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Old 12-20-2012, 04:38 PM   #256
shaddix
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Quote:
Originally Posted by slartidbartfast View Post
Since when was this only about sport bikes?

...and since when could you brake hard enough to achieve close to 100% weight transfer to the front wheel on any bike when braking over manhole covers, painted stripes, in the wet, etc.? (i.e. real-world street riding conditions)
You didn't specify only cruisers in your post, but mentioned police motorcycles. I thought it appropriate to comment on that. When I took my MSF class, they told me the front tire provides at least 70%. I asked then how far up does it go, and my instructor stated it could be all the way to 100% depending on the bike if the rear tire is off the ground. And this guy is an experienced rider coach who participates on this forum.

For braking over paint stripes and manhole covers, if I recall an article that I read on the matter, you'll get shorter stopping distances by just holding the brake and let the front tire slide over it instead of trying to let off the front brake so it doesn't lock when contacting the slicker surface. A bit counterintuitive, but it makes sense because of the difficulty in precisely timing the release and reapplication of the brake when passing over the surface hazard. On wet pavement alone, I would say it depends on the bike of course, I've seen a bike do a stoppie on wet pavement, so just being wet doesn't automatically mean the front wheel will skid before lifting the rear.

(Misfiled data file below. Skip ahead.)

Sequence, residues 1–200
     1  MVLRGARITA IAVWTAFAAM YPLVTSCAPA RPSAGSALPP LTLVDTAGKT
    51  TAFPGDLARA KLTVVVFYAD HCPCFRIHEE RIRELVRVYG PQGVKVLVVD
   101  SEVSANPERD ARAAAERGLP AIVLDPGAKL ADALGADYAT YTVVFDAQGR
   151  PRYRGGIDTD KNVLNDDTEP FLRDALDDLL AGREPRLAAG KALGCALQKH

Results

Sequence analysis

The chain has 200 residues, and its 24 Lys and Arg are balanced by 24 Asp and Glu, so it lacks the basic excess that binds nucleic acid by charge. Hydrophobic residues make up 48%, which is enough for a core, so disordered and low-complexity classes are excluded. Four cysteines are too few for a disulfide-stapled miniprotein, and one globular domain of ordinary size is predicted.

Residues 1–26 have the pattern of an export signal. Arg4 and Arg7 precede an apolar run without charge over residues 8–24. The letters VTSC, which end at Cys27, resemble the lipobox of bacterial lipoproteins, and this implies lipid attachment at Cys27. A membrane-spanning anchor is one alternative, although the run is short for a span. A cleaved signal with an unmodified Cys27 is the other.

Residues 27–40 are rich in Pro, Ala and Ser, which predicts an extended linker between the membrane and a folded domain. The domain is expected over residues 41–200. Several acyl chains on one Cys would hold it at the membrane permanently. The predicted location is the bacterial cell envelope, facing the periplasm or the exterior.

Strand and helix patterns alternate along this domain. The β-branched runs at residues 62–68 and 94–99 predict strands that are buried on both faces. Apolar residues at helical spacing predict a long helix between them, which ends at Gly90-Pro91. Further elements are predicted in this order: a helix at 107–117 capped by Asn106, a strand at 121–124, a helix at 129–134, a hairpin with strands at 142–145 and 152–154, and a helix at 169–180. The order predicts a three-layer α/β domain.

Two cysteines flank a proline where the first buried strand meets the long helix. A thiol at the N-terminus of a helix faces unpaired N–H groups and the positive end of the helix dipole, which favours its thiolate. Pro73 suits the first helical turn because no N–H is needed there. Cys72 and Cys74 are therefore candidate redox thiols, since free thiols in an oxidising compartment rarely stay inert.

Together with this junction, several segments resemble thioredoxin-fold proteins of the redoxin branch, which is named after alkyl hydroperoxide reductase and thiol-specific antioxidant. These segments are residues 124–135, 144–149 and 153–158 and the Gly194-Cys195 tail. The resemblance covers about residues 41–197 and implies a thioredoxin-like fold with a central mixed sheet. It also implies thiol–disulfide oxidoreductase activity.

I have not tested this on my bike, I expect with my shitty shinko tires, I would not be able to do a stoppie on wet pavement.
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Old 12-20-2012, 05:27 PM   #257
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Quote:
Originally Posted by shaddix View Post
You didn't specify only cruisers in your post, but mentioned police motorcycles.
The original post was about a novice rider whom we later learned rides a dualsport (IIRC) - a short wheelbase bike with stoppie potential in the right hands, but with long travel suspension so needing progressive brake application to reach maximum safe braking